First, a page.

Talk:List of games with expansion audio

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I understand that someone who speaks French or Greek as a first language might see ou and think [u], but in Japanese transliteration it's [o:]. The Japanese sound オウ can be transliterated ou, ô (with circumflex), or ō (with macron), depending on a particular publication's house style. I imagine that this list may have been pulled from NesCartDB, which uses the ou convention. Sometimes this is dictated by character set: ou for ASCII or ô for Latin-1. Or occasionally, a particular transliteration becomes customary for a particular name. For example, a publisher or the fan community may have consistently used one transliteration in Western media. For example, the Japanese version of Animal Crossing series (どうぶつの森) is most often spelled Doubutsu no Mori. In a few cases, homophones end up developing distinct customary transliterations, such as Toho (東宝, the Godzilla company) vs. Touhou (東方, the shmup series). Do we need to hammer out a manual of style page for transliterating titles of Famicom games? --Tepples (talk) 07:26, 26 January 2014 (MST)

I don't see the point of the change. There is nothing invalid in the use of "ou", as it is a very standard romanization and was consistent across the entire list. I made this list based on the filenames used in my NSF collection, and every NSF archive I can find online appears to use the "ou" convention (e.g. the collections of Gil Galad, joshw, Zophar's Domain, akuma, and kingshriek). Changing them all to "ō" makes them inconsistent with these collections, which I think is a disadvantage here. Naively searching these games with "ō" is less likely to yield the desired result. Someone familiar with Japanese might think to try again with "ou", so it would be merely an inconvenience for such a person, but someone unfamiliar with it might have a harder time finding what they're looking for. There's nothing to gain by this convention change, in my opinion. - Rainwarrior (talk) 21:23, 26 January 2014 (MST)
To put another way, the reason to use the "ou" convention is it creates a more direct mapping from the Roman characters to Japanese, and also avoids the use of extended characters. The reason to use the "ō" convention is to help understand the pronunciation, as "ou" will be pronounced wrong by a naive English speaking reader. I don't think there is any good reason to favour pronunciation for the purposes of the NesDev wiki, and there is indeed an advantage to having a more direct transliteration of the titles given by the "ou" convention. - Rainwarrior (talk) 21:28, 26 January 2014 (MST)

Well is the capital of Japan known as Tōkyō or Toukyou ? That's the question. If you guys don't like the ō because of unicode characters I understand very much, then a plain 'o' (as in Tokyo) is probably the closest you can go. "ou" is just a mapping from kana to romanji, which leads to wrong pronunciation (and probably not only for French or Greek speakers). Now as long as the game did have their titles in kanjis, it's technically wrong to have them a name with roman letters. Now I think everyone will agree that it's much more convenient to use roman letters in an international context, so the quesiton is, do you want to have correct pronunciation, or a mapping to kana ? Since nobody cares about kana, I'd think that rationally, the correct pronunciation is the way to go. Although I perfectly understand the point about matching it to the NSF collection names or Bootgod's database, both of which used "ou" for no particular reason. So in short, if you want to refert, fine go ahead I won't mind. But I still think that "Akumajou" sounds extremely weird.Bregalad (talk) 09:50, 28 January 2014 (MST)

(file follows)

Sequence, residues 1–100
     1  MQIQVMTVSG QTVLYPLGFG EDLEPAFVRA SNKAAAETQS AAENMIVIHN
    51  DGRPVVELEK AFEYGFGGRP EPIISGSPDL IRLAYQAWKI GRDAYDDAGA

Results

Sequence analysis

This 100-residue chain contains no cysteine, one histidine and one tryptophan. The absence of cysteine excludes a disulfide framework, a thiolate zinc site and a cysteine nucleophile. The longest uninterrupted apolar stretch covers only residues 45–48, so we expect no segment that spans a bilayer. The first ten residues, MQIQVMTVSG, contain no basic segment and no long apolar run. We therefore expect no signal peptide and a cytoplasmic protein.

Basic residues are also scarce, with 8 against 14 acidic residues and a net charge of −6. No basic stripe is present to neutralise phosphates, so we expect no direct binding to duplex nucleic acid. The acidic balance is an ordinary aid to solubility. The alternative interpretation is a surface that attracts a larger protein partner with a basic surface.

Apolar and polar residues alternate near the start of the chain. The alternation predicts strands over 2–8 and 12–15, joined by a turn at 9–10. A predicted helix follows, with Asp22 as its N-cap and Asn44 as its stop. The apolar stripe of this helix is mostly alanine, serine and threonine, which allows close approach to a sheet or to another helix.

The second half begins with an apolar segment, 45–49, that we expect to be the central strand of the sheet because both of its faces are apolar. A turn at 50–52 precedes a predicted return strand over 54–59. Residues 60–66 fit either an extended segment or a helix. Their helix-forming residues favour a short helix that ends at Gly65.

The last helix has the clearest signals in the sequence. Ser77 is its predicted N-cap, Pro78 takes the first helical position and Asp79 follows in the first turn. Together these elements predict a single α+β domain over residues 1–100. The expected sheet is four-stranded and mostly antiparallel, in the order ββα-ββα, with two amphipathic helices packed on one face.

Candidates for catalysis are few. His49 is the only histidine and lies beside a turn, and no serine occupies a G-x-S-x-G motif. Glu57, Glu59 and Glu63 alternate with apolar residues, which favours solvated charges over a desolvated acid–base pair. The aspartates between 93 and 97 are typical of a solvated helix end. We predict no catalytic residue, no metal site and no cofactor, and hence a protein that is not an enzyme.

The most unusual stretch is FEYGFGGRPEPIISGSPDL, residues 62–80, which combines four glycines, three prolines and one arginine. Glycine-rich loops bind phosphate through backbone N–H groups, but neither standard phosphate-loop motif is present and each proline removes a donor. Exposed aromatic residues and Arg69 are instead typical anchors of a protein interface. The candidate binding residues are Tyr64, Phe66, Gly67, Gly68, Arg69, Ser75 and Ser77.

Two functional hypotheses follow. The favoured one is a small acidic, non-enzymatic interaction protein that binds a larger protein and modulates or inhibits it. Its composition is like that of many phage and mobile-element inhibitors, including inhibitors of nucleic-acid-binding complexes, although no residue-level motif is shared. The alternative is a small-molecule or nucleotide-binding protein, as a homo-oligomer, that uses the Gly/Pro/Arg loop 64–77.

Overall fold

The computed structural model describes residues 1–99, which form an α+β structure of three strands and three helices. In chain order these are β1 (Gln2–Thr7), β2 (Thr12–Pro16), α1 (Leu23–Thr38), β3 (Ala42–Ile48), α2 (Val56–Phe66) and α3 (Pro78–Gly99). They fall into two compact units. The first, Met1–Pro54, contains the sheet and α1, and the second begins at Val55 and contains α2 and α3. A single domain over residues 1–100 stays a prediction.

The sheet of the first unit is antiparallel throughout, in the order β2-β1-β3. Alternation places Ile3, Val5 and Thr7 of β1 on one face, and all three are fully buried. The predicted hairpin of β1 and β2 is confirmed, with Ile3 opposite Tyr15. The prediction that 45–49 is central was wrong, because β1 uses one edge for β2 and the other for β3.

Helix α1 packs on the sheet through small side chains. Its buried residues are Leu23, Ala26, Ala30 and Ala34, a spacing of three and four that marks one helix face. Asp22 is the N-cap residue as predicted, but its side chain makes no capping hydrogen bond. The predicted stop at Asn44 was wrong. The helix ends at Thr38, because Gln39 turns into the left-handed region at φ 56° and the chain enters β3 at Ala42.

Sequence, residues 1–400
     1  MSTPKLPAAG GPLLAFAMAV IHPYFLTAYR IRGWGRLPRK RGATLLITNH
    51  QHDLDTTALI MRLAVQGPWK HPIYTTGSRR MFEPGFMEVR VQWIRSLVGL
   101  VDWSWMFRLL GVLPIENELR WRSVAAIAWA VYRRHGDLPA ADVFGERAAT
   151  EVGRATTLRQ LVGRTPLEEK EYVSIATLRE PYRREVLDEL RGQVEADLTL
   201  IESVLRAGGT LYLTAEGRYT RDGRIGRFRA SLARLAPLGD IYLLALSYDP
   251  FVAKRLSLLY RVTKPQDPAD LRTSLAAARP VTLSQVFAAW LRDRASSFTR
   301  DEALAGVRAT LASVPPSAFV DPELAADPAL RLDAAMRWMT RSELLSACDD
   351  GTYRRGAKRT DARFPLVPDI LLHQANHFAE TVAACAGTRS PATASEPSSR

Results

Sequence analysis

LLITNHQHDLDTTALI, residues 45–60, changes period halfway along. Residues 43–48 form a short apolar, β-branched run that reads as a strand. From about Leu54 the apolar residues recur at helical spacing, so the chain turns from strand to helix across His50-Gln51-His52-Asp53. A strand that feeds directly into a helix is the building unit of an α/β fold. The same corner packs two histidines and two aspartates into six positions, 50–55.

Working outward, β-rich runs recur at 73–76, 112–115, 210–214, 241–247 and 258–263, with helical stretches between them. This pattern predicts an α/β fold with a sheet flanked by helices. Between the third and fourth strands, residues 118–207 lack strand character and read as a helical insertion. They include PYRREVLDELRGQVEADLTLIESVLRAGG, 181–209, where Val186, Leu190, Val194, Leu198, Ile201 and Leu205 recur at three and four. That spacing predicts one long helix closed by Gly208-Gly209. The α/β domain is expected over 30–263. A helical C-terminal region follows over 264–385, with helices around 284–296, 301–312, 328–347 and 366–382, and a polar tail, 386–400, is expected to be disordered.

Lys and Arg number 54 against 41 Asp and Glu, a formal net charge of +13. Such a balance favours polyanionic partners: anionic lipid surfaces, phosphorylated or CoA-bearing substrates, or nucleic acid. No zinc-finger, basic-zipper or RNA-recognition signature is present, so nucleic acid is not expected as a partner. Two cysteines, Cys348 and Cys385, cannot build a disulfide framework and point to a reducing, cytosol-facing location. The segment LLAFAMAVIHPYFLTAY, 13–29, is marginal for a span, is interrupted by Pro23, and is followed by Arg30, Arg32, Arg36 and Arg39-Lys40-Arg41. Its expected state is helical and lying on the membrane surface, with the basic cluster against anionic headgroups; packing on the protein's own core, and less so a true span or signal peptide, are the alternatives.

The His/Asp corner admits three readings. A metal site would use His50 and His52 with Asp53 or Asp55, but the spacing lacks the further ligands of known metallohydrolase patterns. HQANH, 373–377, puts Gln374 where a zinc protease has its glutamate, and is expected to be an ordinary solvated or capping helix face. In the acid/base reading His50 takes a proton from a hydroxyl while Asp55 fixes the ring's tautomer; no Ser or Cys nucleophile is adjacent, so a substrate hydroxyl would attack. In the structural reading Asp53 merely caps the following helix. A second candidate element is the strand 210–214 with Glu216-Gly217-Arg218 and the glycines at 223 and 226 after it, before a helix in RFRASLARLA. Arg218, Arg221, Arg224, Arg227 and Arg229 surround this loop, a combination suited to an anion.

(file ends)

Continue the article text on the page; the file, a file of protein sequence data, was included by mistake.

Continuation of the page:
That city has a common English name, "Tokyo", so it is not appropriate to romanize it. Similarly we should not normally write "Firenze" or "Wien" in an English context. I think the highest priority for NESDev purposes is being able to use these names to search and find ROMs or other relevant information, and using the same convention as every ROM/NSF database is key toward fulfilling this goal. Avoiding extended characters for ease of typing is a secondary benefit toward this goal. (The character ō is not easily available on any common keyboard. Even less so if your keyboard is missing a numpad.) I would agree that attempting to reconstruct kana from the romanization is not important, though I would point out that the Microsoft IME for Japanese text displays potential kanji as you type the ou style romanization. I also thing pronunciation is unimportant for NESDev. If you are a person who does not know any Japanese and doesn't even know what Akumajou means, it doesn't matter that you might pronounce it wrong from this reading. If you already are familiar with Japanese neither romanization presents a challenge to correct pronunciation. Let pronunciation be taught elsewhere, we have other goals here. - Rainwarrior (talk) 11:09, 28 January 2014 (MST)